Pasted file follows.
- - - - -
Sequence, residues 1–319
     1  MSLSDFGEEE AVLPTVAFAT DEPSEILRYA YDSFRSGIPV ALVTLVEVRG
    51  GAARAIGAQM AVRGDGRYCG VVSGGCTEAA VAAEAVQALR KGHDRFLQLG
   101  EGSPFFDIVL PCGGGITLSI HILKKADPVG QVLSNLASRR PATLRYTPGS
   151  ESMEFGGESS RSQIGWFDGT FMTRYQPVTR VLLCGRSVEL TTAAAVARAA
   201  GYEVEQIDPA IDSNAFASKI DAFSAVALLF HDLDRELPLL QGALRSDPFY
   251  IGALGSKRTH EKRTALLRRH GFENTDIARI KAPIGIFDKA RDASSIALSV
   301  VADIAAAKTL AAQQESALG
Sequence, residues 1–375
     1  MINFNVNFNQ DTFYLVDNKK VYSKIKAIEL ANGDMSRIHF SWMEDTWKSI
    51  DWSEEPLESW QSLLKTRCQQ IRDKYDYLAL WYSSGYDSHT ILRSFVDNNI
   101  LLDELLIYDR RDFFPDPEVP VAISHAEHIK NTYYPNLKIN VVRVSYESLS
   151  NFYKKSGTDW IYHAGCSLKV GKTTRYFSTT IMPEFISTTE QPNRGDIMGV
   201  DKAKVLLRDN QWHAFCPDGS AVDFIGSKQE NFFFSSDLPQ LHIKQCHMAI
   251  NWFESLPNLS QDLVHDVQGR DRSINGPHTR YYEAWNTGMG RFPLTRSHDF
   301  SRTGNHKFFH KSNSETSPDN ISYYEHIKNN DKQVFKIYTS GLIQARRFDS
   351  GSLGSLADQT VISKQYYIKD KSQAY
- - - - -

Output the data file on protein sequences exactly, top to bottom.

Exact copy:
Sequence, residues 1–319
     1  MSLSDFGEEE AVLPTVAFAT DEPSEILRYA YDSFRSGIPV ALVTLVEVRG
    51  GAARAIGAQM AVRGDGRYCG VVSGGCTEAA VAAEAVQALR KGHDRFLQLG
   101  EGSPFFDIVL PCGGGITLSI HILKKADPVG QVLSNLASRR PATLRYTPGS
   151  ESMEFGGESS RSQIGWFDGT FMTRYQPVTR VLLCGRSVEL TTAAAVARAA
   201  GYEVEQIDPA IDSNAFASKI DAFSAVALLF HDLDRELPLL QGALRSDPFY
   251  IGALGSKRTH EKRTALLRRH GFENTDIARI KAPIGIFDKA RDASSIALSV
   301  VADIAAAKTL AAQQESALG
Sequence, residues 1–375
     1  MINFNVNFNQ DTFYLVDNKK VYSKIKAIEL ANGDMSRIHF SWMEDTWKSI
    51  DWSEEPLESW QSLLKTRCQQ IRDKYDYLAL WYSSGYDSHT ILRSFVDNNI
   101  LLDELLIYDR RDFFPDPEVP VAISHAEHIK NTYYPNLKIN VVRVSYESLS
   151  NFYKKSGTDW IYHAGCSLKV GKTTRYFSTT IMPEFISTTE QPNRGDIMGV
   201  DKAKVLLRDN QWHAFCPDGS AVDFIGSKQE NFFFSSDLPQ LHIKQCHMAI
   251  NWFESLPNLS QDLVHDVQGR DRSINGPHTR YYEAWNTGMG RFPLTRSHDF
   301  SRTGNHKFFH KSNSETSPDN ISYYEHIKNN DKQVFKIYTS GLIQARRFDS
   351  GSLGSLADQT VISKQYYIKD KSQAY